Here at ManhattanGMAT, we’re continuously trying to figure out how better to study for the GMAT.
One of our Instructors analyzed the downloadable test at www.mba.com (which anyone studying for the GMAT ought to download at some point, it’s a GREAT resource). We found a remarkably high concentration of weighted average problems. Now, everyone expects statistics problems on the GMAT, but these recent problems are in different forms than seen in the Official Guide and in other places. In other words, instead of a customary mean, median, or standard deviation question, the recent questions are more complex weighted average types of problems or hybrid mean-median problems.
A fair, but not great, litmus test of this flavor of GMAT problem can be found in Problem Solving #224 (p. 183) of the Official Guide. If you get this problem right, you’re likely in okay shape. If not, you may want to consider reviewing some problems of this type before rolling into exam day. And of course, it would be a good idea to spend some time with the test from www.mba.com in order to make full use of that resource, because the statistics problems on the GMAT are likely to be tougher than the ones you’ve been practicing on.
Last night saw the Business School Admissions panel here in New York, with Admissions officers from Harvard, Kellogg, NYU Stern, and Wharton in attendance. Each school aired a presentation highlighting the specific features of its MBA program, and then answered questions for over 140 prospective students in a lively Q & A session.
We will be posting some of the insights generated via the panel in this space in the coming days. One early tidbit – Harvard is reducing the total number of essays it requires, and also increasing flexibility to give applicants more choices for essay topics (2 required + 3 chosen from a number of different topics).
Andrea Mitchell Kimmel, Associate Director MBA Admissions at Harvard Business School answers a question, as Ellen Kim of Kellogg and Alison Goggin of NYU Stern look on.
The event was tremendous, and we’d like to thank our panelists for sharing their time. Again, we will be posting additional points raised and addressed by the panelists in the days to come.
Also, while we’re thanking people, here’s a picture of the organizer of the panel, Jessica Eliav (on the right), Director of Corporate Accounts for ManhattanGMAT, with Katie Buongiorno from the Marketing Department. Kudos to a great event! 🙂
Due to an immense level of interest, we are going to be capping attendance at our Business School panel on June 21st here in New York (Admissions officers from Harvard, NYU, Kellogg, and the recently added Wharton are scheduled to attend). If you missed out this time, we will be having another similar panel here in New York later in the year. If you’re already coming, see you on the 21st!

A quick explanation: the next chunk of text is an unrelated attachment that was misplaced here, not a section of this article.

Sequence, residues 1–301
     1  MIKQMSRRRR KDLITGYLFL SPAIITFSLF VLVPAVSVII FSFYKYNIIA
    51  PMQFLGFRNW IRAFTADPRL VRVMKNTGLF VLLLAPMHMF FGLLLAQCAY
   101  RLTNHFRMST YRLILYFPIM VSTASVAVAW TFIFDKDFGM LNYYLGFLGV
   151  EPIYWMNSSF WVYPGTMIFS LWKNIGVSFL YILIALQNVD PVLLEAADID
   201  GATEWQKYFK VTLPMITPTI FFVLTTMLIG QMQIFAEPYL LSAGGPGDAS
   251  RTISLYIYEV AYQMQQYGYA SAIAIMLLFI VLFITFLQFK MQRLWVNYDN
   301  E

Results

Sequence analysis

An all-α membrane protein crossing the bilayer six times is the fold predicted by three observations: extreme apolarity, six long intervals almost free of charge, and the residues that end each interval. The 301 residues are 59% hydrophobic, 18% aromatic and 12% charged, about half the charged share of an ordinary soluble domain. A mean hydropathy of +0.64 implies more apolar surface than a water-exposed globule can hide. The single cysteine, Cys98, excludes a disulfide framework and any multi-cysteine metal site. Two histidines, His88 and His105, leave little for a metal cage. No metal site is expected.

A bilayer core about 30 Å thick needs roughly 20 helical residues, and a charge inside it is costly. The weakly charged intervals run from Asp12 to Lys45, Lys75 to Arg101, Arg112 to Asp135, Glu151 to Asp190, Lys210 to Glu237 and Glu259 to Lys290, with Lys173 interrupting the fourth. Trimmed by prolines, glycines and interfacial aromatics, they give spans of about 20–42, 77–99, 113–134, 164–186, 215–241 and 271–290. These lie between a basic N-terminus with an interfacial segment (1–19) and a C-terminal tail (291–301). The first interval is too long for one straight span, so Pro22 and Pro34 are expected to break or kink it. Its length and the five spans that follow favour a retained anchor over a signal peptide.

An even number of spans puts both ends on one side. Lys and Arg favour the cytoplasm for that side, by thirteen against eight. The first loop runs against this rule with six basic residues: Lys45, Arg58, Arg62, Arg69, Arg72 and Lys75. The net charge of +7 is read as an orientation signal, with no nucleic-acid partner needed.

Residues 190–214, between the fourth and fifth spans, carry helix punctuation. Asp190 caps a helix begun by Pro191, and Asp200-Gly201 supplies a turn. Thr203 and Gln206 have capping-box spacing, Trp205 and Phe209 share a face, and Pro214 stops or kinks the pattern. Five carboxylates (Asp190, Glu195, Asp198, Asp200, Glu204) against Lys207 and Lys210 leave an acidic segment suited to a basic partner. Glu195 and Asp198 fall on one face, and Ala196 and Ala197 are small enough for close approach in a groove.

Recently, we interviewed a potential instructor who said that he had gotten a 99th percentile score a number of years ago, but that his total score was a 730.
This did not seem correct. As many people know, the current score threshold for a 99th percentile score on the GMAT is a 760 or higher (out of 800). This is a change from just last year, as even the most recent edition of the Official Guide indicates that 750 is a 99th percentile score. But a 730?
So we examined a copy of this gentleman’s score report with great interest. His score was reported as follows:
Quant Raw Score – 49
Quant Percentile – 97%
Verbal Raw Score – 41
Verbal Percentile – 94%
Raw Score Total – 730
Total Percentile – 99%
It turns out that he was correct – a 730 WAS indeed a 99th percentile score in 1998 (when GMAC first went to the computerized adaptive test format).
It is worth noting that this person’s raw scores NOW would translate to:
Quant Percentile – 90%
Verbal Percentile – 93%
In other words, over the past 9 years, it has become MUCH harder to be at the top percentile in the Math, and slightly harder to be at the top percentiles in the Verbal. His scores now would not place him near the 99th percentile overall.
This just goes to show that it’s gotten, and continues to get, increasingly difficult to get a distinguishing score as competition heats up and preparation levels rise.
(on a side note – we did not hire this particular instructor candidate)
A recent article appeared on Businessweek.com that described some of the major GMAT Test prep options out there, and ManhattanGMAT was prominently featured. If you missed it, click here to check it out.